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Sarafina Movie

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September 13, 1992 | ELAINE DUTKA, Elaine Dutka is a Times staff writer
The world has changed radically in the five years since the South African musical "Sarafina!" first hit the Broadway stage. The Soviet Union has collapsed. The Berlin Wall is gone. And, in the wake of the release of jailed African National Congress leader Nelson Mandela, the Parliament of South Africa abolished the laws mandating separation of the races. As history has evolved, so did the film version of "Sarafina!"
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ENTERTAINMENT
October 25, 1992 | ELAINE DUTKA
Any fears of white backlash were erased when "Sarafina!," a hard-hitting musical targeting South Africa's apartheid policy, opened in that country earlier this month. The reviews were excellent (one critic called the film "an achievement that should, at last, put South African cinema on the international map"). The film, which stars Leleti Khumalo and Whoopi Goldberg, did business even in relatively right-wing white areas such as Pretoria and Bloemfontein.
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ENTERTAINMENT
March 18, 1992 | SCOTT KRAFT, TIMES STAFF WRITER
The contrast and complexity of South Africa firmly hit home for Whoopi Goldberg after one particularly long day in Soweto, the hometown of 2 million blacks where she was shooting scenes for the film "Sarafina!" Goldberg was whisked from the township of chickens and dust and squatter shacks to a $10-million house just 20 minutes away, where she was feted at a reception by African National Congress President Nelson Mandela.
ENTERTAINMENT
September 24, 1992 | SCOTT KRAFT, TIMES STAFF WRITER
"Sarafina!," the new musical film starring Whoopi Goldberg, had its South African premiere Tuesday, and drew strong applause from an invited audience of anti-apartheid luminaries including African National Congress President Nelson Mandela. In an emotional tribute to the movie, Mandela told the audience that "Sarafina!," a fictional film based on the June 16, 1976, student uprising in Soweto, is not only a reminder of the past but a challenge for the future.
ENTERTAINMENT
September 24, 1992 | SCOTT KRAFT, TIMES STAFF WRITER
"Sarafina!," the new musical film starring Whoopi Goldberg, had its South African premiere Tuesday, and drew strong applause from an invited audience of anti-apartheid luminaries including African National Congress President Nelson Mandela. In an emotional tribute to the movie, Mandela told the audience that "Sarafina!," a fictional film based on the June 16, 1976, student uprising in Soweto, is not only a reminder of the past but a challenge for the future.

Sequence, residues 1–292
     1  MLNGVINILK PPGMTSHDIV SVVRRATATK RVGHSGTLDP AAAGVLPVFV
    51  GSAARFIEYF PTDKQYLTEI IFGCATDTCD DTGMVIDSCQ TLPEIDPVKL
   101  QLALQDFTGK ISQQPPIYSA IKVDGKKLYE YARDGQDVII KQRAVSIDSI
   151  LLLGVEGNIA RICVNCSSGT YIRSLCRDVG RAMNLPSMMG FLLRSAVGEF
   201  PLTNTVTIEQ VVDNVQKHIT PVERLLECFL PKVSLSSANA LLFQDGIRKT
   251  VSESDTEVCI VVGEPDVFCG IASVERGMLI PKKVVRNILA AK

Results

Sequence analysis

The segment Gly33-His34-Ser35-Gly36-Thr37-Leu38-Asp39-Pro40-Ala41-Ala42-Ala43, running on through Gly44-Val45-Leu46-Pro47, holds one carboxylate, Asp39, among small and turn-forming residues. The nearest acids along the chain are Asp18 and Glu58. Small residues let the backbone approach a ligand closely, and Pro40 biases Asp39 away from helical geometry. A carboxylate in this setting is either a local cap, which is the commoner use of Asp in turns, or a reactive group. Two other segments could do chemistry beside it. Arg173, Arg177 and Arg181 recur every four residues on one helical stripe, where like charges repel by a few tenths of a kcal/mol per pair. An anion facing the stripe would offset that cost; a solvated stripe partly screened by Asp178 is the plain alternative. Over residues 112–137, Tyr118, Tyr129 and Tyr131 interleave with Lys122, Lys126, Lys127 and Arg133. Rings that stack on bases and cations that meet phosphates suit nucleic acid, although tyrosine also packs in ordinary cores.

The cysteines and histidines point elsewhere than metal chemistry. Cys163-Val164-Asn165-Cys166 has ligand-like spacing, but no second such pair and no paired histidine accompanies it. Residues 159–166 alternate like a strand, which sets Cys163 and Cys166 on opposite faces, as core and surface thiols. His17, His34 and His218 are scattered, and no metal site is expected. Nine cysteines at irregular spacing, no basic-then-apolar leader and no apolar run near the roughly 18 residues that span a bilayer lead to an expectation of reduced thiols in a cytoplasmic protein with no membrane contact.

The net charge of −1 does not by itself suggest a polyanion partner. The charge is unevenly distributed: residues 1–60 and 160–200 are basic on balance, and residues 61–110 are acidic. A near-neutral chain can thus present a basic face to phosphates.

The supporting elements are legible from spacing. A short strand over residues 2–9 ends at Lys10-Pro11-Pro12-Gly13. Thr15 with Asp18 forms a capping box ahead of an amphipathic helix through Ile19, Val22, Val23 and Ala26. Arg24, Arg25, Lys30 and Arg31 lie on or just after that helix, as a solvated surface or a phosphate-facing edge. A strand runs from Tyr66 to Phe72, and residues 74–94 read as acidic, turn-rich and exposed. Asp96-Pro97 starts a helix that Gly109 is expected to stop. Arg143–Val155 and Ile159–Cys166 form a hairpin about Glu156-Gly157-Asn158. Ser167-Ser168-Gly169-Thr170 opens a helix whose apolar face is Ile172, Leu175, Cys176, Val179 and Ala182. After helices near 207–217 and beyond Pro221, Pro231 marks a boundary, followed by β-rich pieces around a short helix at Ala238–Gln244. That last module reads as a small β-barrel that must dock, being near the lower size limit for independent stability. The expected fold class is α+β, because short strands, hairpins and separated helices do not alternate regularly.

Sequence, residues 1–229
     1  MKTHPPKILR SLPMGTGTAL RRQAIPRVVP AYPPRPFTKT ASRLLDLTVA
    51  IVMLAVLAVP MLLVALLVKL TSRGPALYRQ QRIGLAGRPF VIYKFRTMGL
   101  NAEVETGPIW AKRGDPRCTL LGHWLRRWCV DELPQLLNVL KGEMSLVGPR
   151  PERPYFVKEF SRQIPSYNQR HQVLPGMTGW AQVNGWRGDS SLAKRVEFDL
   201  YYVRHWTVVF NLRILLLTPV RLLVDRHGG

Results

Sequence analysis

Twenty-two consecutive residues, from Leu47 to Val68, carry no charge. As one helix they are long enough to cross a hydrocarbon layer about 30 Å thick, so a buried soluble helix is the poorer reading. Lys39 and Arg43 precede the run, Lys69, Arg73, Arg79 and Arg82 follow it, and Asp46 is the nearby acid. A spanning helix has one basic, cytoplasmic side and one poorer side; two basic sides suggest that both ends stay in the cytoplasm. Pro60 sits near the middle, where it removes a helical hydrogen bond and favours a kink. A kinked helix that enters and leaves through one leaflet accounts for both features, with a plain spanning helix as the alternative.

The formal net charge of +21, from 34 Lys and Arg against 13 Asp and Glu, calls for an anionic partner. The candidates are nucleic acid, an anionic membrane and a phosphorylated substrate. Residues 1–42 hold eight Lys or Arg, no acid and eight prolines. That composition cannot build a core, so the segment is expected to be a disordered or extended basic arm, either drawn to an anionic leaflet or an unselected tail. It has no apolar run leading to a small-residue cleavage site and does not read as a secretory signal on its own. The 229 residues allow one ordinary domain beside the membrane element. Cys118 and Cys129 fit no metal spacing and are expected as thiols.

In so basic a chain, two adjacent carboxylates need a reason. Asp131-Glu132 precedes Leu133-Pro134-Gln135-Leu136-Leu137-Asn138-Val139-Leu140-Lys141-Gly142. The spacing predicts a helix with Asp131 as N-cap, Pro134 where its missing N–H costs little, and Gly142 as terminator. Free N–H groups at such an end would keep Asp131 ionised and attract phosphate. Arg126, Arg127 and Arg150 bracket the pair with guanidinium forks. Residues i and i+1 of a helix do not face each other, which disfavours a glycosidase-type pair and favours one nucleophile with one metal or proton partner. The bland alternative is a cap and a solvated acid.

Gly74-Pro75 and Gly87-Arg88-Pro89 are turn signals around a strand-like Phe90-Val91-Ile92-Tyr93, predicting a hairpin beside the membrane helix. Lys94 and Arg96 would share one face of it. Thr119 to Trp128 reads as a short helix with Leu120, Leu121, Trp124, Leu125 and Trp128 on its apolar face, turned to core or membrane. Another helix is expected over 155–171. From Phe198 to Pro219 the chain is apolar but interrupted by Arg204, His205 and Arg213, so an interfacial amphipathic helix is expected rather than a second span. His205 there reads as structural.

ENTERTAINMENT
October 25, 1992 | ELAINE DUTKA
Any fears of white backlash were erased when "Sarafina!," a hard-hitting musical targeting South Africa's apartheid policy, opened in that country earlier this month. The reviews were excellent (one critic called the film "an achievement that should, at last, put South African cinema on the international map"). The film, which stars Leleti Khumalo and Whoopi Goldberg, did business even in relatively right-wing white areas such as Pretoria and Bloemfontein.
ENTERTAINMENT
September 25, 1992 | MICHAEL WILMINGTON, SPECIAL TO THE TIMES
One of the most heartening qualities of art is the way it regularly blossoms out in seemingly incongruous places. From the gardens of the wealthy, we may see only pale malaise, while just across town, in the slums, something in the darkness, blood and impoverishment may fertilize a rose. Or a hundred of them. The South African musical "Sarafina!"
ENTERTAINMENT
September 18, 1992 | MICHAEL WILMINGTON, SPECIAL TO THE TIMES
One of the most heartening qualities of art is the way it regularly blossoms out in seemingly incongruous places. From the gardens of the wealthy, we may see only pale malaise, while just across town, in the slums, something in the darkness, blood and impoverishment may fertilize a rose. Or a hundred of them. The South African musical "Sarafina!"
ENTERTAINMENT
September 13, 1992 | ELAINE DUTKA, Elaine Dutka is a Times staff writer
The world has changed radically in the five years since the South African musical "Sarafina!" first hit the Broadway stage. The Soviet Union has collapsed. The Berlin Wall is gone. And, in the wake of the release of jailed African National Congress leader Nelson Mandela, the Parliament of South Africa abolished the laws mandating separation of the races. As history has evolved, so did the film version of "Sarafina!"
ENTERTAINMENT
March 18, 1992 | SCOTT KRAFT, TIMES STAFF WRITER
The contrast and complexity of South Africa firmly hit home for Whoopi Goldberg after one particularly long day in Soweto, the hometown of 2 million blacks where she was shooting scenes for the film "Sarafina!" Goldberg was whisked from the township of chickens and dust and squatter shacks to a $10-million house just 20 minutes away, where she was feted at a reception by African National Congress President Nelson Mandela.
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